The technology of quantum computing offers many new and unprecedented possibilities for what technology is capable of doing. While ‘regular’ digital computers eventually run into problems posed by the laws of physics, quantum computers work differently and possess far superior computing powers. As a result, there are considerable implications for security regarding encryption and decryption of data.

For decades, computers have become faster and increasingly compact: more and more transistors have been crammed onto chips, and the size of circuits has been reduced to microscopic levels. However, despite all of these efforts this approach cannot continue forever. There are the physical limitations of the real world that eventually impose a ceiling on the hardware of the digital evolution. These physical limitations, however, do not apply to quantum computers in the same way.


There is great hope – and vast amounts of money – invested in quantum computing. With quantum computers, highly complex models could accurately and reliably be calculated in short amounts of time, potentially making a lot of time-consuming and expensive testing as well as trial-and-error methods obsolete. For areas such as the pharmaceutical industry this would truly be a game changer, enabling them to create and test drugs on the computer. Furthermore, quantum computing could serve as a powerful accelerant for artificial intelligence. While the presence of this new technology in the marketplace still is far from universal availability, the future for quantum computers and their applications looks very bright.


This technology is still in its infant stages and given the enormous investment costs, so far it has only been available to a very select few. In a transition period where both digital computers and quantum computers co-exist, this would most likely mean that those with quantum computers (very few and very rich organisations) would benefit from this technological advantage. Intelligence agencies are probably the first who will be able to harness quantum computing’s full potential, big corporations will come second, and eventually everyone else will follow as a distant third. Ensuring a somewhat level playing field where everyone benefits from this powerful technology will be one of the great challenges going forward.

Vast computing power, however, also has the potential to fundamentally transform encryption and decryption of data. Particularly beyond the relative security of one’s own firewall, where information is most vulnerable, quantum computers will result in major changes for the encryption and decryption of data in transit. By being able to perform mathematical operations significantly faster than digital computers, quantum computers pose a serious threat to encryption methods that have been relying on the fact that it used to be impossible to deduce the two prime factors from their product by using mathematical methods, as is the case with public and private key encryption. Symmetric encryption, which is the approach for Cryptshare’s encryption of files, is better equipped for and less impacted by the computing powers of quantum computers. Cryptographic experts expect that the key length would have to be doubled to secure encryption methods such as AES and eliminate the advantage of quantum computers. It appears to be possible to implement this without major intrusions into existing systems. For encryption designed for data in transport, such as TLS (Transport Layer Security), it is a mixed bag. TLS uses public and private key methods for establishing a connection between client and server. For the rest of the connection, it typically uses a symmetric session key. If the first part isn’t secure (and it certainly appears not to be), the session key can be found out and the content of the entire connection can be read.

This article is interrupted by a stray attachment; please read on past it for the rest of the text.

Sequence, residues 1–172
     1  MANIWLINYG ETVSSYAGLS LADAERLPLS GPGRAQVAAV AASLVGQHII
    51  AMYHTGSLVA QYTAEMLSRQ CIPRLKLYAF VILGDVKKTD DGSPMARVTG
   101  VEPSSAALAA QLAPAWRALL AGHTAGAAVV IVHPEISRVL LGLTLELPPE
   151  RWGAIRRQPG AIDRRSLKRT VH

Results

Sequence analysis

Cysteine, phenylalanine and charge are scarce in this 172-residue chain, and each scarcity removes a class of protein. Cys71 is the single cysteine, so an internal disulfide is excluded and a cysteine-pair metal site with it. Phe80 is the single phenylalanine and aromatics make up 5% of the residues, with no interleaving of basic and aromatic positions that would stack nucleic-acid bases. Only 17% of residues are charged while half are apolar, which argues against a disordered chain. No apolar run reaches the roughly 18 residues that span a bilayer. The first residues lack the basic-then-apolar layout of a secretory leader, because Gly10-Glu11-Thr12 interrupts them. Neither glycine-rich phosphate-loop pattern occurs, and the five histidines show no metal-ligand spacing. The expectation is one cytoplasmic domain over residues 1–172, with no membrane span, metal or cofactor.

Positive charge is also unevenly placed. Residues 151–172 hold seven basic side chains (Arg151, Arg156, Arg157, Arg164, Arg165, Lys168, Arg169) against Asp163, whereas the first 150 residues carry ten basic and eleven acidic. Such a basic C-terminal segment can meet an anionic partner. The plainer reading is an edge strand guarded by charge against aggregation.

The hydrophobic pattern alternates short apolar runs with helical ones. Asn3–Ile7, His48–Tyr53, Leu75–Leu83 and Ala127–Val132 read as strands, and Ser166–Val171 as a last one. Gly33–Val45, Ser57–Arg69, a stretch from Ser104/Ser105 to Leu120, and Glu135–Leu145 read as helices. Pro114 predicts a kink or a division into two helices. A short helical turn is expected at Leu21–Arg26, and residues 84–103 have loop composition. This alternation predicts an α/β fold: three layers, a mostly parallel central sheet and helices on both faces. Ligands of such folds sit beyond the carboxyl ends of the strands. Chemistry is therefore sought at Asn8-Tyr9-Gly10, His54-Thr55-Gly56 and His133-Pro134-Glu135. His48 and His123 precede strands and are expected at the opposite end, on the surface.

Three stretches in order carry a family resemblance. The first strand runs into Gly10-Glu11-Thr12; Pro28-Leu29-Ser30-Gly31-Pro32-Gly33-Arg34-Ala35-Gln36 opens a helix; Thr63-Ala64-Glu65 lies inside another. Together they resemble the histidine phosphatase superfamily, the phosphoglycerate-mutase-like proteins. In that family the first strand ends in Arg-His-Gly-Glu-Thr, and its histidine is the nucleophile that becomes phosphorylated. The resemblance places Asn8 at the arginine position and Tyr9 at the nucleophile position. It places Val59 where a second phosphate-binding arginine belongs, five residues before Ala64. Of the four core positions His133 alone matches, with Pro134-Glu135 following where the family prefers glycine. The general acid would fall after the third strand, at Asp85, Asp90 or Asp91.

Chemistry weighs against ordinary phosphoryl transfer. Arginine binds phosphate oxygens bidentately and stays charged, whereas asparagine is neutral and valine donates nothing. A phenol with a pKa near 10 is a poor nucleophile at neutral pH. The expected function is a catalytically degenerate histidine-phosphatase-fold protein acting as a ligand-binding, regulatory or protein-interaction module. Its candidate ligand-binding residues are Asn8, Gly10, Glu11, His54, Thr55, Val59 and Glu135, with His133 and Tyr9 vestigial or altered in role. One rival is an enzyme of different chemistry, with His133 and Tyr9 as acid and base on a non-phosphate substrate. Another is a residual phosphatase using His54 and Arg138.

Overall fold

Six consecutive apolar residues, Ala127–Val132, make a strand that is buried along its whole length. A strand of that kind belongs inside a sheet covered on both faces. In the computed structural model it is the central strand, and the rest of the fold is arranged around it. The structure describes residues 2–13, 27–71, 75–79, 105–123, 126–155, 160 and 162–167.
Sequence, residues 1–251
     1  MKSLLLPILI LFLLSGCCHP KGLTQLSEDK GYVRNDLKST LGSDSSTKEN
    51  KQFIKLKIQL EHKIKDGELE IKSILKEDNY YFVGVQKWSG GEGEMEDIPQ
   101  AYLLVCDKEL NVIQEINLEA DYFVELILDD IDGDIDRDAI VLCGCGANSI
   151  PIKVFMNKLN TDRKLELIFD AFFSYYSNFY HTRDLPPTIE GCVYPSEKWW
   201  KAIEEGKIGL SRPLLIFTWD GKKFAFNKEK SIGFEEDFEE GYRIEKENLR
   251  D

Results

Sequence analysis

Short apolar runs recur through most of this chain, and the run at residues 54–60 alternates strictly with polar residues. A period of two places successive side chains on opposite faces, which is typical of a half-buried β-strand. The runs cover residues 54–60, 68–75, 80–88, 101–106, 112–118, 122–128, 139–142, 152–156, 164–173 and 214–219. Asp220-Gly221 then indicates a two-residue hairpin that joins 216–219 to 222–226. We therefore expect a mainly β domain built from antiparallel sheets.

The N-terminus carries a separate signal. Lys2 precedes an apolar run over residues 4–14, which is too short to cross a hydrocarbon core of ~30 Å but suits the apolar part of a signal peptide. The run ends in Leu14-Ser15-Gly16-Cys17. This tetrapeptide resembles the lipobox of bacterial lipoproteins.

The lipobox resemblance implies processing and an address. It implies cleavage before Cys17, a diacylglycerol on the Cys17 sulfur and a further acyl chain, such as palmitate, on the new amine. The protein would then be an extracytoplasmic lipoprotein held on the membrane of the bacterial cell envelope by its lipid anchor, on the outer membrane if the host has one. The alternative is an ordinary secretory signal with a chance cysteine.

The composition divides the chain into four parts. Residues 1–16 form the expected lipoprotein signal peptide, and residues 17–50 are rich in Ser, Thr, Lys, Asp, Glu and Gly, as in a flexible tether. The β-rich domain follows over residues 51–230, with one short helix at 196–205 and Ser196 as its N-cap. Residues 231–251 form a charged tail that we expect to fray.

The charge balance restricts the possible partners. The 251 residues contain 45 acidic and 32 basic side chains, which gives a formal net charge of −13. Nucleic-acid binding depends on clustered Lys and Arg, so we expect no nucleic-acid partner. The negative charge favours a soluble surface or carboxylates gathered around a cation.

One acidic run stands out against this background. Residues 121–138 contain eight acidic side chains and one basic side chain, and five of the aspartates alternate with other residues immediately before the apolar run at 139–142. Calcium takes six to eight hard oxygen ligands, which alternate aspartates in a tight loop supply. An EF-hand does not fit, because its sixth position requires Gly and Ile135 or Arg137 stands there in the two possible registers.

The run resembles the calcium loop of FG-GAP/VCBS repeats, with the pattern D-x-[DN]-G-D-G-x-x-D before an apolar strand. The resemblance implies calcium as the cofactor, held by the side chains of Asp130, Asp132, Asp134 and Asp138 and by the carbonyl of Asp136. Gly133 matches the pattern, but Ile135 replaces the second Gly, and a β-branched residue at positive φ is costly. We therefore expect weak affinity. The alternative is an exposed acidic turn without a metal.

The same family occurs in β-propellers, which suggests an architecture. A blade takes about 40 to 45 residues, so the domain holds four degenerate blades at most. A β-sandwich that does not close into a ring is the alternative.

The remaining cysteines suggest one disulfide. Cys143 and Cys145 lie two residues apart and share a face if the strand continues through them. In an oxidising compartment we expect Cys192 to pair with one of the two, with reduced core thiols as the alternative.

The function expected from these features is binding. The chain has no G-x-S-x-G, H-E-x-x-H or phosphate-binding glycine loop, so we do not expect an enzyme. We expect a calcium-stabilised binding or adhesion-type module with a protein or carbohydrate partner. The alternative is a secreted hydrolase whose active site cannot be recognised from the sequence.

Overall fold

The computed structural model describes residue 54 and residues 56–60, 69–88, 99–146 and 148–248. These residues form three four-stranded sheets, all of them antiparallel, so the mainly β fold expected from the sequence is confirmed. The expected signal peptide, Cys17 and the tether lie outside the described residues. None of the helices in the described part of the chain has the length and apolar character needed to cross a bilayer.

The challenges quantum computing presents for encryption have been realised and there is research into how to react to this new technology. The field of post-quantum cryptography deals with protecting confidential information from the powers of quantum computing by applying regular electronic systems using suitable cryptographic methods. Also, alternatives for establishing TLS connections are being worked on. These will most likely require significantly more resources for encryption and decryption but should still be able to protect data effectively. 

It is still unclear if and when quantum computing will be ready for use on a large scale. The cryptographic risks this technology entails, however, seem to be manageable if the appropriate measures are put in place. Therefore, we should focus on the chance quantum computing offers for the secure transfer of encryption keys between two communication partners.